“This is, without a doubt, the most uninformed, toady, poorly written, categorically untrue statement I have ever seen a President of the United States make.” That’s what reporter Robin Wright said Joe Cirincione, a nuclear-security expert and president of Ploughshares Fund, had told her for a story published November 20 in the online edition of the New Yorker. Had she misheard? Surely Cirincione had said “toadying,” the adjective that means “in an obsequious manner”?
But no: the quote in fact reproduced a tweet Cirincione had posted earlier that day.
This is, without a doubt, the most uninformed, imbecilic, toady, poorly-written, categorically untrue statement I have ever seen from a president of the United States. A complete disgrace. https://t.co/9eqoWFeroX— Joe Cirincione (@Cirincione) November 20, 2018
Toady is a word with a colorful past, about which more in a bit. It’s a noun (“servile parasite,” “fawning flatterer”) or a verb (“to behave like a toady”), but not a modifier. Not any longer, that is.
The Toadies in Super Mario World are neither sycophantic humans nor toads; they resemble a cross between Harry Potter and a high school’s eagle mascot. Source: Mariowiki.
Once upon a time, in the 1620s, toady was in fact an adjective; it meant “resembling a toad” – i.e., repulsive – or “infested with toads” (“a toady cave”).*
At just about the same time, though, toads were hopping into the language in a rather different context. In 1629, an English diarist named John Rous made note of a “toade-eater” called William Utting who worked the country-fair circuit. Toads were believed to be poisonous, even lethal; to survive the ingestion of a toad was nothing short of miraculous.
I’ll let the HaggardHawks blog take it from here:
Based on this presumption, by the late 1600s, quack physicians and itinerant charlatans all across England had begun working with toad-eaters to come up with a brand new sting: in front of an enthralled (and presumably somewhat nauseated) crowd, they would have their assistant eat, or pretend to eat, a live toad, just as William Utting had. Although unharmed, the assistant would then promptly collapse to the floor in feigned agony, whereupon the quack could either make a great show of his miraculous healing powers, or else administer some kind of homemade concoction to his assistant, who would consequently stage an immediate and impressive recovery—leaving his quack associate to sell vials of their bogus cure-all to the assembled crowd.
Toad-eater Mac Norton, aka “The Human Aquarium.” Born Claude Louis Delair in 1876, Norton was a French magician who developed a remarkable – and marketable – ability to regurgitate live animals. Delair may also have been called a frog-eater, an unflattering English epithet for a French person.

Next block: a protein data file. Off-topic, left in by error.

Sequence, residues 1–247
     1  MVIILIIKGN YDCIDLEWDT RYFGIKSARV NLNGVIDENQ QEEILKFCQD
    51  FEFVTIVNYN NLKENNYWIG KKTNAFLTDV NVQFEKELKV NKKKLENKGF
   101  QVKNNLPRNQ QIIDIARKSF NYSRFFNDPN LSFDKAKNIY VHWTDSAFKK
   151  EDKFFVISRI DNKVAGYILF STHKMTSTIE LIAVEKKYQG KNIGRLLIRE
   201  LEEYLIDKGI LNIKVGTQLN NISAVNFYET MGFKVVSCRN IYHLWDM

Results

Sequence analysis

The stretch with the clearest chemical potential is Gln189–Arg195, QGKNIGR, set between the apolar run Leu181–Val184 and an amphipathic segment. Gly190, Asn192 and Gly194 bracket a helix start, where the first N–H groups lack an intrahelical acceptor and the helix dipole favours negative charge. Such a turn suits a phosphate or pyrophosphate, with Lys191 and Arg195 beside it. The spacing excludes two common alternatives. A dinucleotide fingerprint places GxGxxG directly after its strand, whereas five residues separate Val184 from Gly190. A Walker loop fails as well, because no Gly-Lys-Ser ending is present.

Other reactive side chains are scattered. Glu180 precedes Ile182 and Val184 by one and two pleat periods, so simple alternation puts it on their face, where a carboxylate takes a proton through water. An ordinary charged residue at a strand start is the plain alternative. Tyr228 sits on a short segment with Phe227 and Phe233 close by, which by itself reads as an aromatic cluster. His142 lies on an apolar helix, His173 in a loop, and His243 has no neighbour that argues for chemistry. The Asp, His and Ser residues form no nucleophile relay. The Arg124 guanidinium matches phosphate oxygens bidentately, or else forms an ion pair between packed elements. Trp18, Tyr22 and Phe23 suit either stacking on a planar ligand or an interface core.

By the 1820s, toad-eater had been shortened to toady, and its meaning – literal toad-eating having fallen out of fashion – had shifted to “servile parasite.”
Joe Cirincione isn’t alone in attaching the word – correctly used or not – to Trump and his inner circle. Here are some of the targets of toady in recent news reports and letters to the editor:
- Matthew Whitaker, appointed U.S. attorney general after Jeff Sessions resigned/was fired. (November 16: “a toady who has already repeatedly publicly expressed his hostility to Mueller’s investigation”; November 12: “a toady who has publicly parroted Trump’s “witch hunt” mantra.”)
- Lindsey Graham, U.S. senator from South Carolina. (September 3: “Graham, once McCain’s wingman, is now Trump’s toady.”)
- Paul Ryan, retiring Speaker of the House. (January 9: “How Paul Ryan used ‘flattery and sucking up’ to become Trump’s toady.”)
- Boris Epshteyn, former Trump White House communications staffer, current political analyst for right-wing Sinclair Media. (April 6: “Sinclair’s Trump toady swears: ‘I’m not doing anybody’s bidding’”)
- Rudy Giuliani, former New York City mayor, current Trump apologist. (August 20: “Trump’s head toady Rudy Giuliani.”
- Andy Biggs, Republican congressman from Arizona. (February 19: “To call Biggs a Trump toady is to greatly underestimate the magnitude of his bootlicking.”) Biggs won reelection on November 6.
- Marco Rubio, Republican U.S. Senator from Florida. (November 15: “Presidential tweets are inflaming the situation and Sen. Marco Rubio, who long since cashed in his honor to become a Trump toady, is piling on.”
- Devin Nunes, Republican congressman from California’s Central Valley. (October 31: “He has deserted his district to become a sycophantic toady for Donald Trump.”)
- Chris Collins, Republican congressman from Connecticut who is facing 11 felony charges (and won reelection anyway).
Don't vote AGAINST @RepChrisCollins just because he's a Trump toady who's out on bail for insider trading & been declared a flight risk. Vote FOR @Nate_McMurray who will protect Social Security, Medicare & put families first! https://t.co/M5VbBGJmyz— Mark Hamill (@HamillHimself) October 30, 2018
- Trump himself, vis-à-vis Putin. (July 18: “Trump plays presidential toady to ‘Vladimir the Great’”)
* Compare other adjectives formed from [animal name] + [y]: catty, fishy, snaky, foxy, horsey (a horsey face). Other animal words – sheep, wolf – take –ish to become adjectives.